Having the following piece of code:

import std.algorithm : filter, canFind, map, splitter, group, sort;
import std.stdio : File, writefln;
import std.range : array;

void main(string[] args)
    string filename = "/var/log/dpkg.log";

    string term = args[1];
    auto results = File(filename, "r")
                    .filter!(a => canFind(a, term))
                    .map!(a => splitter(a, ":").front)
                    .array  // why is this crucial ?
                    .sort!((a,b) => a[1] > b[1]);

    foreach (line; results)
        writefln("%s => %s times", line[0], line[1]);

I have discovered that I desperately need the .array after .group. Can anyone tell me why is that?

As soon as I get rid of it I get the following compiler error:

main.d(16): Error: template std.algorithm.sorting.sort cannot deduce function from argument types !((a, b) => a[1] > b[1])(Group!("a == b", MapResult!(__lambda3, FilterResult!(__lambda2, ByLine!(char, char))))), candidates are:
/usr/include/dmd/phobos/std/algorithm/sorting.d(1830):        std.algorithm.sorting.sort(alias less = "a < b", SwapStrategy ss = SwapStrategy.unstable, Range)(Range r) if ((ss == SwapStrategy.unstable && (hasSwappableElements!Range || hasAssignableElements!Range) || ss != SwapStrategy.unstable && hasAssignableElements!Range) && isRandomAccessRange!Range && hasSlicing!Range && hasLength!Range)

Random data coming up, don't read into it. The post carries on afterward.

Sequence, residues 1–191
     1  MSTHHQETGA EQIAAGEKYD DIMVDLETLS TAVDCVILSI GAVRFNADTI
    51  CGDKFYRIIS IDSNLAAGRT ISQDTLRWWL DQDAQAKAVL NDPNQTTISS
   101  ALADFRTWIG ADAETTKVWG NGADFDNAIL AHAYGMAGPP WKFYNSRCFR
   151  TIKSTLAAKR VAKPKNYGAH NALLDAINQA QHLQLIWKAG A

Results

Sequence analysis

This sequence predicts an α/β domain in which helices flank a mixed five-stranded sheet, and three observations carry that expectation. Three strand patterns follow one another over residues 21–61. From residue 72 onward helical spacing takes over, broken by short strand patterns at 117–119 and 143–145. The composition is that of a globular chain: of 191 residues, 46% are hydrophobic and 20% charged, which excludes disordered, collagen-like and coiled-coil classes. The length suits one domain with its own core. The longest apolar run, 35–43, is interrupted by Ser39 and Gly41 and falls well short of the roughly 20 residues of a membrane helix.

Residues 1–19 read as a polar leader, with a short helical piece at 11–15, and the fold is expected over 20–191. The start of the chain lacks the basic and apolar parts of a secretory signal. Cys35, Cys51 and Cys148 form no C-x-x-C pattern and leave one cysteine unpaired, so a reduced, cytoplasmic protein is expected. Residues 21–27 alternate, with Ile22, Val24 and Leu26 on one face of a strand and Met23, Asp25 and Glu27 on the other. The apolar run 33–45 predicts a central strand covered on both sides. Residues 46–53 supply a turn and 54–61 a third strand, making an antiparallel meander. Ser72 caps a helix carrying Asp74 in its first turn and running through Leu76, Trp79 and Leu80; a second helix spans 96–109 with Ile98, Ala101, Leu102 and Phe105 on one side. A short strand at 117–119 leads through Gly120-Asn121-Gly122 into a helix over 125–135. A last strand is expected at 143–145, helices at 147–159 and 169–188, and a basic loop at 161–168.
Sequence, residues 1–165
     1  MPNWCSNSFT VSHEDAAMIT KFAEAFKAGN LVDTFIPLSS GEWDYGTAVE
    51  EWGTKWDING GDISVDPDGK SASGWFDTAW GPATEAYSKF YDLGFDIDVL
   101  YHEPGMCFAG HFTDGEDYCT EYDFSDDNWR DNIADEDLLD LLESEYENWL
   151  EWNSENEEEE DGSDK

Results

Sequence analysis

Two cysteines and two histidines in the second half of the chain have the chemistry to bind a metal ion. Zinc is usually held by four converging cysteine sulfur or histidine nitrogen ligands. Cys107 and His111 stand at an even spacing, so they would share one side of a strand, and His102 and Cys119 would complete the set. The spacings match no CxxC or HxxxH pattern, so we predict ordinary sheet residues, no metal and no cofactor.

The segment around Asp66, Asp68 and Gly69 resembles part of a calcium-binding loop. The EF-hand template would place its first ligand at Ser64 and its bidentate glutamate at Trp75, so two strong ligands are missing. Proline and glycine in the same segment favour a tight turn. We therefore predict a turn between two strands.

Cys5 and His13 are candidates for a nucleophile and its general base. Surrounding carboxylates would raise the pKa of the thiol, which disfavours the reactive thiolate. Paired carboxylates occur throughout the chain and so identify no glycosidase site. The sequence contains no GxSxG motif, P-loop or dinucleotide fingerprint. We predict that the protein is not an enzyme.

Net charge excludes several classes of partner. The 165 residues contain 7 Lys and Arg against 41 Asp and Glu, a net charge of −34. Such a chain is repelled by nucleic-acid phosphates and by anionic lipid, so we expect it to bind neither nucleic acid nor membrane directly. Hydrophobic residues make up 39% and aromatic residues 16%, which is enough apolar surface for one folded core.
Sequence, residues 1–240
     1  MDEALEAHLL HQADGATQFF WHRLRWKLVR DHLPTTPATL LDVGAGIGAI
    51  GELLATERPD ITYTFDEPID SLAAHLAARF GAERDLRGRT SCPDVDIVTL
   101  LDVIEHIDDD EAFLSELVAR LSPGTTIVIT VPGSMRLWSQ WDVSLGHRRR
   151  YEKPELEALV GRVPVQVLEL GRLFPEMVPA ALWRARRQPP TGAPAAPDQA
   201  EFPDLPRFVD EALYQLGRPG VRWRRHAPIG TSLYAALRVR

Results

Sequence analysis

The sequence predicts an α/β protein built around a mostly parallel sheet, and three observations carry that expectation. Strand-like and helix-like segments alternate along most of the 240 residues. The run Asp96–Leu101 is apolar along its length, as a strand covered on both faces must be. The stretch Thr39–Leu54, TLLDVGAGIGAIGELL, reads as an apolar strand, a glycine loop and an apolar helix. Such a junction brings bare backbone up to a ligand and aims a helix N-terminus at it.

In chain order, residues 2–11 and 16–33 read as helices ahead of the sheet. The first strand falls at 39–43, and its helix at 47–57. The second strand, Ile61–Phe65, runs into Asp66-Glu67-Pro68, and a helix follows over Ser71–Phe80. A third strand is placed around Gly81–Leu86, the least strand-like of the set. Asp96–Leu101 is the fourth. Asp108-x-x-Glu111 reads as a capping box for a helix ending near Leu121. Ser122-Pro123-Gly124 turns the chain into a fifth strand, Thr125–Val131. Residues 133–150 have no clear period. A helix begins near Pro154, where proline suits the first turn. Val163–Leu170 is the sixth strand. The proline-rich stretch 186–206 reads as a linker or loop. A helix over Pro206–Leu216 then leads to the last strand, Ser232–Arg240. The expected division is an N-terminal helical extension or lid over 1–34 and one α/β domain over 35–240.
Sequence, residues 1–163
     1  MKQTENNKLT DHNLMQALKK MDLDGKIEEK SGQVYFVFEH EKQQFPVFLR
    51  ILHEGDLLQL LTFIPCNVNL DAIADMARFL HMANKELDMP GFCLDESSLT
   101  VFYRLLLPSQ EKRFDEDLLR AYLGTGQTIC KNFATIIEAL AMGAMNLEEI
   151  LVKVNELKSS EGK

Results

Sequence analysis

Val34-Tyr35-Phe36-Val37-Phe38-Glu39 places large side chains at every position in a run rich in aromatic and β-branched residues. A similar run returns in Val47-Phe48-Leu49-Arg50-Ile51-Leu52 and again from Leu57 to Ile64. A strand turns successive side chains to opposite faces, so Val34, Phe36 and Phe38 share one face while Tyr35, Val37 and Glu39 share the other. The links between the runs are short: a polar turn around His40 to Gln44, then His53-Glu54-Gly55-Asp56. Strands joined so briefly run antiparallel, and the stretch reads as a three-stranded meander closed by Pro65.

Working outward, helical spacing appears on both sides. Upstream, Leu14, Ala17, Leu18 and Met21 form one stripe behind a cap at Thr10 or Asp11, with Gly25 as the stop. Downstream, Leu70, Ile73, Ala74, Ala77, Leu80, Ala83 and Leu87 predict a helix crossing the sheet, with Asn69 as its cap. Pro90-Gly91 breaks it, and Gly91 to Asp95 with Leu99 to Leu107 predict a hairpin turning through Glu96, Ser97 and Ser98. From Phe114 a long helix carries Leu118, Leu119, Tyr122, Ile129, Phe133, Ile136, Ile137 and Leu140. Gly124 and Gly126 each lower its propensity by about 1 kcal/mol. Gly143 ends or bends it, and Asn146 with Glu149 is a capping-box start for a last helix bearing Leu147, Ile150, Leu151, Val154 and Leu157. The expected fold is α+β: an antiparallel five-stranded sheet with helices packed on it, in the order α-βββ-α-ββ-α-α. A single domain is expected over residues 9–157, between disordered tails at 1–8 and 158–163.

• Be aware that group depends on the sorting as well: groups consecutively equivalent elements into a single tuple of the element and the number of its repetitions. see the docs
    – greenify
    Commented Feb 18, 2017 at 18:45

1 Answer 1


The result of group is a lazily-evaluated sequence, but sort requires its full input to be fully in-memory, e.g. an array. The array function takes the lazy sequence produced by group and stores it into an array which sort is able to act upon.

  • Great! That's exactly what I wanted.
    – Patryk
    Commented Feb 18, 2017 at 18:04

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